2) Less than 40-acre animal feeding operation. The auto-renewal statute states that it does not apply to a farm tenancy with acreage of less than 40 acres where an animal feeding operation is the primary use. Before 2013, the exception included all farm tenancies that were less than 40 acres. Under the current law, all farm tenancies less than 40 acres are subject to auto-renewal unless they fall within the narrow animal feeding operation exception. It is likely that the exception for “animal feeding operations” applies only to feedlots and confinements. Landlords or tenants should send statutory notice of termination for the lease of a small pasture.
3) Mere cropper. The auto-renewal statute also excludes from its reach arrangements involving mere croppers. As such, a cropper is not entitled to statutory termination notice. A cropper is "one who, having no interest in the land, works it in consideration of receiving a portion of the crop for his labor.” By contrast, a tenant has an estate in the land for a term, and, consequently, has a right of property in the crop.
4) Default in performance. The statute provides that “the tenancy shall not continue because of an absence of notice if there is default in the performance of the existing rental agreement.” This means that if a party breaches the terms of the lease and the other party wishes to terminate the lease due to the breach, the auto-renewal provision will not supersede the non-breaching party’s right to terminate.
Example: A landlord can terminate a lease for a tenant’s non-payment in March, even if that landlord did not give statutory termination notice the prior September 1.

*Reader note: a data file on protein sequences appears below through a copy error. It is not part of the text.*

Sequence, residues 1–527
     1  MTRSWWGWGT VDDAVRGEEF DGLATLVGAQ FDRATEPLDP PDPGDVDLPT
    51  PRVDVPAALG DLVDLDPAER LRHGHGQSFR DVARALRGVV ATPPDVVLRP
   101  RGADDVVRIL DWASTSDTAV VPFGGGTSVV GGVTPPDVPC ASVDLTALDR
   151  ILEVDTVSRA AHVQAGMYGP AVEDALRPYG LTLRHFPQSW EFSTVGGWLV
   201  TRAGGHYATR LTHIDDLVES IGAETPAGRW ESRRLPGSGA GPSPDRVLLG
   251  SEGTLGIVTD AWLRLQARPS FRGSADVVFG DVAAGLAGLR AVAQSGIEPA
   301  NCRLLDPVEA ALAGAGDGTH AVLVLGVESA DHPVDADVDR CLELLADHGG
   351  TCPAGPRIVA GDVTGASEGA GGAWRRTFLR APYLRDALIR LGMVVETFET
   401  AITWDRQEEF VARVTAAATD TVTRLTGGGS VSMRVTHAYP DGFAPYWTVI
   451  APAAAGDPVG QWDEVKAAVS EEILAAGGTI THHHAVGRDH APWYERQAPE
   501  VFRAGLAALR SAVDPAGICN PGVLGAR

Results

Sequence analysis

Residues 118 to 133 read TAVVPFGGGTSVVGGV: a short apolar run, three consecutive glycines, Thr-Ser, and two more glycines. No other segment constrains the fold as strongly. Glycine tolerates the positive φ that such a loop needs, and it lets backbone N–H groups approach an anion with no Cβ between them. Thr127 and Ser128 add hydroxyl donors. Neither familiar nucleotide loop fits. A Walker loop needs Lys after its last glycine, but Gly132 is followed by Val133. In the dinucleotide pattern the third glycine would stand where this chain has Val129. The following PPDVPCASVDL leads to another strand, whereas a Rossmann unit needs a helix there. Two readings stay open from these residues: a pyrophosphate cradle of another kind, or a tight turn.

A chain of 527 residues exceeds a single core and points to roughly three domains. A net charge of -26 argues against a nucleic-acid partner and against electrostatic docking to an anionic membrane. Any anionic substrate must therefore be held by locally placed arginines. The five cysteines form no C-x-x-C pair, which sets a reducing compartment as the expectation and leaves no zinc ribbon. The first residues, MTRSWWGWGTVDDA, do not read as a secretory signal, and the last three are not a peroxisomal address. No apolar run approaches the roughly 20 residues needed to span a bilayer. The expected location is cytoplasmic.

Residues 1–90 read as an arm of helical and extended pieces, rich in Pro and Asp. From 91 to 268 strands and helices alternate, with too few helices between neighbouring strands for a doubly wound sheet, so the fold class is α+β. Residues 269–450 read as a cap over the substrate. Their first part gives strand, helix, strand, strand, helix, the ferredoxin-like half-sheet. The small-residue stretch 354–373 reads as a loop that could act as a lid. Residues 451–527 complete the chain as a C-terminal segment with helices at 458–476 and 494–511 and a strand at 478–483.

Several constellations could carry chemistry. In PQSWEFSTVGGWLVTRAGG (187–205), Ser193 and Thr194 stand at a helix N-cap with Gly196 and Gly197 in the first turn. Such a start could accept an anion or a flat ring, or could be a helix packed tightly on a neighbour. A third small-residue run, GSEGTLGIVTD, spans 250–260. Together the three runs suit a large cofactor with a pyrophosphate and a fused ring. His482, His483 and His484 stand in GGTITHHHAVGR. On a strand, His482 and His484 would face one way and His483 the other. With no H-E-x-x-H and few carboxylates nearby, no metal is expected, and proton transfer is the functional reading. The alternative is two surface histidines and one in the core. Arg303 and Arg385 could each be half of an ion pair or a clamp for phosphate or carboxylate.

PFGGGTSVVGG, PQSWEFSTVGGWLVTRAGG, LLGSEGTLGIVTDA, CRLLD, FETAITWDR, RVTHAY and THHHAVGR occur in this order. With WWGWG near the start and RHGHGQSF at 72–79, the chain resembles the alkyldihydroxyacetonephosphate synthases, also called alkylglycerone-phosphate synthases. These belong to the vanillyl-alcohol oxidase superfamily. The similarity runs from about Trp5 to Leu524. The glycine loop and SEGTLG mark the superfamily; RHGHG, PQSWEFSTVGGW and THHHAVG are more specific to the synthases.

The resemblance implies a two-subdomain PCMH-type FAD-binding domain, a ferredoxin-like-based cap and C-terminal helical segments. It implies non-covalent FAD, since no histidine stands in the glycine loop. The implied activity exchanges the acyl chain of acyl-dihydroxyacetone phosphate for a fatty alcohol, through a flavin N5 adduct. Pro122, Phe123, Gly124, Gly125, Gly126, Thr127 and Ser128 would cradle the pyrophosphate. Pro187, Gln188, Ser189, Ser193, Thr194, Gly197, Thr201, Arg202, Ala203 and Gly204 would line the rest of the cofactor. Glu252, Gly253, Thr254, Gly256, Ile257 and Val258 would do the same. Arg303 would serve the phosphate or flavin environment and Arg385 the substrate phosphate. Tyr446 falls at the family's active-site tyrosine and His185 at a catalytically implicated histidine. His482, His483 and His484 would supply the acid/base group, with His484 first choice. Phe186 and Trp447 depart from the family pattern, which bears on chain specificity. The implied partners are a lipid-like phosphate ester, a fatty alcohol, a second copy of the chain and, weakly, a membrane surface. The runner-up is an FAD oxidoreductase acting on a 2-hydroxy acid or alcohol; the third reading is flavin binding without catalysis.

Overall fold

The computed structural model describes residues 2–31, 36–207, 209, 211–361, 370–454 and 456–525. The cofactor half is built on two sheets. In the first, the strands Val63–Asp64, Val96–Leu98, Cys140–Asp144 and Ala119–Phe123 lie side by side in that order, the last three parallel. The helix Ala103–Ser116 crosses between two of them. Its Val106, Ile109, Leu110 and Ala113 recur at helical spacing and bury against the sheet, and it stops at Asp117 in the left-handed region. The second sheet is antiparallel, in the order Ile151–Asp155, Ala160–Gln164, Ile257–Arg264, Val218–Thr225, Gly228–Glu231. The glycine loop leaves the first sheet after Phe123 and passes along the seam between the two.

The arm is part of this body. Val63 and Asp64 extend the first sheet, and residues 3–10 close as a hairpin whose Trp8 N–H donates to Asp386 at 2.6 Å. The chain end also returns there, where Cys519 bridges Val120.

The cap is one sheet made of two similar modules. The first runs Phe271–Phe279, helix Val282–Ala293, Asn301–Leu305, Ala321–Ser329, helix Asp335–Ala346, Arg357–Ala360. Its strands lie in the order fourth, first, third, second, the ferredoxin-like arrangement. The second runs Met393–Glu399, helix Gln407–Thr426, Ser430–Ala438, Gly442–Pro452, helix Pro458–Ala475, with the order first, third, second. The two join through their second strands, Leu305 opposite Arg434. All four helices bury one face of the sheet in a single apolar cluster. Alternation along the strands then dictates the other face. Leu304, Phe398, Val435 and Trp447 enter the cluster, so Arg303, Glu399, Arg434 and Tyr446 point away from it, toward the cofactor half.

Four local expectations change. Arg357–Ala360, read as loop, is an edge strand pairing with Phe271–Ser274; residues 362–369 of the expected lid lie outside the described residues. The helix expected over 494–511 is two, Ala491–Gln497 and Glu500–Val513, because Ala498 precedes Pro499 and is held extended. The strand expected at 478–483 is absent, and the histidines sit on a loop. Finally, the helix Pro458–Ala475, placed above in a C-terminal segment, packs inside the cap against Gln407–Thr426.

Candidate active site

5) Termination notice procedures. To serve proper statutory termination notice to avoid auto-renewal of a farm lease, the party wishing to terminate the lease must serve notice in one of the following ways:
•Delivery of the notice, on or before September 1, with acceptance of service to be signed by the party to the lease or a successor of the party.
•Serving the notice, on or before September 1, personally, or if personal service has been tried and cannot be achieved, by publication, on the same conditions, and in the same manner as is provided for the service of process in a lawsuit.
•Mailing notice before Sept. 1 by certified mail to the last known mailing address.
The most common—and usually most efficient—way to serve statutory notice is option three: mailing the notice by certified mail before September 1. Courts construe the notice statute requirements very strictly. Notice will not be sufficient, for example, if it is sent via regular, instead of certified, mail. It does not matter if the intended recipient receives the notice and admits to having read it. The notice will be deemed invalid and the lease will auto-renew unless all statutory requirements are followed.
Note: It’s important that the sender of the notice retain the certified mailing receipt. Without such receipt, he or she will be unable to prove proper serving of the notice if a dispute arises.
Landlords and tenants should openly discuss their wishes for the 2017 crop year—and do it now. If there is a desire by either party to renegotiate their lease terms, that party should send termination notice. Such notice should not be viewed as adversarial, but simply an effort to comply with the statute. A sample termination notice form can be found at extension.iastatse.edu/agdm/wholefarm/pdf/c2-19.pdf.
Tidgren is assistant director for the Center for Ag Law and Taxation at Iowa State University. Visit the CALT website calt.iastate.edu.